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Commentary on: Bu, F, Steptoe, A, Fancourt, D. Loneliness during a strict lockdown: Trajectories and predictors during the COVID-19 pandemic in 38,217 United Kingdom adults. Soc Sci Med., 2020; https://doi.org/10.1016/j.socscimed.2020.113521
Implications for practice and research
Developing targeted public health interventions to identify larger behavioural health impacts of loneliness due to COVID-19 lockdown are required, and these evidence-informed measures should help mitigate loneliness and improve mental health outcomes in high-risk populations during pandemics.
Future research should focus on developing loneliness scales using surveys tailored to assessing different dimensions of loneliness due to the COVID-19 pandemic.
The COVID-19 pandemic initiated a global lockdown and introduced social distancing policies limiting face-to-face activities and social interaction. With growing research on loneliness, and its associations with potential risk of mental illness, Bu et al examined the growth trajectories and predictors of loneliness during the pandemic lockdown.1
Using stratified sampling on data from 38 217 UK adults, in the University College of London COVID-19 Social Study, Bu et al examined whether loneliness levels changed during the strict lockdown period.1 The authors used the three-item University of California, Los Angeles (UCLA-3) loneliness scale and employed growth mixture modelling to explore the latent classes of loneliness growth trajectories and predictors in a stratified sample in term of gender, age, ethnicity, education and geographical location.1
Based on the analysis, four groups with a loneliness level ranging from low to high were identified.1 ‘Younger adults (aged 18–29) (OR=2.17–6.81), women (OR=1.59), people with low income (OR=1.3), the economically inactive (OR=1.3–2.04, and people with mental health conditions (OR=5.32) were more likely to be in highest loneliness class. Moreover, having more close friends, living with others in a rural area, and access to greater support were protective.’1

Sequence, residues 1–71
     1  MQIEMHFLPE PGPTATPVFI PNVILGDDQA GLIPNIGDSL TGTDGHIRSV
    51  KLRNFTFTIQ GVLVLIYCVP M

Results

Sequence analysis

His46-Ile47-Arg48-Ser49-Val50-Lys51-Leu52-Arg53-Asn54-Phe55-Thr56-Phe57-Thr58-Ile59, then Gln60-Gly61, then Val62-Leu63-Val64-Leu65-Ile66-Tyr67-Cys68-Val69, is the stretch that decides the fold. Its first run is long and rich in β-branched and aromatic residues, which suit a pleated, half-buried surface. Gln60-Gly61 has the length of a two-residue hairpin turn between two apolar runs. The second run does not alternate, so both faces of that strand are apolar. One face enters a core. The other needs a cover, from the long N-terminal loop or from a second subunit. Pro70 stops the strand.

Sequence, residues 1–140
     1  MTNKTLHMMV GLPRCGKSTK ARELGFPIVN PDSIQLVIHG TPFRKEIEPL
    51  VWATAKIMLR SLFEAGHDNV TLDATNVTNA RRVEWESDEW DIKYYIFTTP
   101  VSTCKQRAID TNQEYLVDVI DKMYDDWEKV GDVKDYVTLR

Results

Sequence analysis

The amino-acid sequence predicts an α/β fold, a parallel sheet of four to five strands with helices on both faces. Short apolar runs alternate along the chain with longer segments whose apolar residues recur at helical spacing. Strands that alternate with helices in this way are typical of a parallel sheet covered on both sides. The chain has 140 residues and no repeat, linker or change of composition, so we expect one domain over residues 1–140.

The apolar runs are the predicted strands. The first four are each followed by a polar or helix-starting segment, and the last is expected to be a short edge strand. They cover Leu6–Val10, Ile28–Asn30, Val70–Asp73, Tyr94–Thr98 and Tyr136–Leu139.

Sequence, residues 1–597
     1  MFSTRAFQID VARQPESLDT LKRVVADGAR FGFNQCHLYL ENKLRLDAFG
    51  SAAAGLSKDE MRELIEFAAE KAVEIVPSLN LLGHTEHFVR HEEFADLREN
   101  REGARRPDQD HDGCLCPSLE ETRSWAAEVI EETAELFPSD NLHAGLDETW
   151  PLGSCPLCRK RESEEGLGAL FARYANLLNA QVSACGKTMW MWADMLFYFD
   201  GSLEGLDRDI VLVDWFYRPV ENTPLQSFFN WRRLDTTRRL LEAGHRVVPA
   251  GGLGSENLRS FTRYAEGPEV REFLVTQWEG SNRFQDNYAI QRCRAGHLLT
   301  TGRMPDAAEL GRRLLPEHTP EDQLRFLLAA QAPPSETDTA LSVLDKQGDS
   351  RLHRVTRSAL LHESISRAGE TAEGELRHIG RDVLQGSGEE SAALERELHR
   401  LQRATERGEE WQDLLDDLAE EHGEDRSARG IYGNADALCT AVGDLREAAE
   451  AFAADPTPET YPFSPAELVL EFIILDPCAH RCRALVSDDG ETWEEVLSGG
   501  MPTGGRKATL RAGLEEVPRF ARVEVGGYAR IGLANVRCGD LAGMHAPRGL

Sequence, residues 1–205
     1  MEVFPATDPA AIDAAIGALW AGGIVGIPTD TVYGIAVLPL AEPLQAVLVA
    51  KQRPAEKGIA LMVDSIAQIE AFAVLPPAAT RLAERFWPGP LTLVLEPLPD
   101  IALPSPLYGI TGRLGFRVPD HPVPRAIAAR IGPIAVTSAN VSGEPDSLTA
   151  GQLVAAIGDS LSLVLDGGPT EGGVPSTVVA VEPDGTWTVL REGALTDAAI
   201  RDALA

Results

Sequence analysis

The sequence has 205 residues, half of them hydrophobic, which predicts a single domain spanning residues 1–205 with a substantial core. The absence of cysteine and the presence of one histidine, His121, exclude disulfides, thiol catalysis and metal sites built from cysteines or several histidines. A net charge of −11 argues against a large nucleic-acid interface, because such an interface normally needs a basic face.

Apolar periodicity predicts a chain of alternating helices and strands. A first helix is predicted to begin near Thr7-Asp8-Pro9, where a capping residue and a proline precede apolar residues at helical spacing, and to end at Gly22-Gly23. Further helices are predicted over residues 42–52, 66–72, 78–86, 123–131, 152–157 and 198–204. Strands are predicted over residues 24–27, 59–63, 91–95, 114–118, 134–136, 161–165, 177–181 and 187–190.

The COVID-19 pandemic has identified a rising need for the development of stronger evidence-based practices that combat social isolation and expand social contacts in ways that overcome new obstacles to human connection, such as social distancing.2 3 Although loneliness is a widespread public health problem3 that negatively impacts quality of life and mental health, screening tools to evaluate loneliness require further adaptation to pandemic circumstances. Bu et al, identified certain social factors including perceived social support, living with others, and having close friends to be protective in the lockdown period.1 Their work lays the groundwork for future research into creation of more informed loneliness screening tools and preventative mental health interventions in pandemic lockdowns. While loneliness has been associated with many adverse effects, the researchers have much to learn about defining and measuring loneliness. Bu et al administered the UCLA-3 and asked participants to respond based on their experience during the pandemic.1 However, because loneliness is a subjective construct,3 using a self-report tool can be challenging in both past and present.1 4 Further, there is no way of knowing whether participant responses were affected by the pandemic due to the generality of the survey questions and sampling bias. Additionally, the brevity of the UCLA-3 scale fails to clearly delineate between specific dimensions of loneliness (eg, social vs emotional loneliness2). Ideally, a loneliness survey should also include questions on isolation, mental health symptoms and social support to address maladaptive cognition during the pandemic lockdown.2 5 Future research should focus on creating reliable and valid loneliness scales to understand the larger mental health implications of loneliness during pandemics.5 Additionally, it is critical to identify the interrelated factors contributing to loneliness for cultivating targeted strategies that prevent psychiatric illnesses in high-risk populations.2 5 Some proposed interventions may include enhancing social support, increasing opportunities for social interactions, addressing maladaptive cognition and safeguarding the availability of resources.4
Competing interests None declared.
Provenance and peer review Commissioned; internally peer reviewed.
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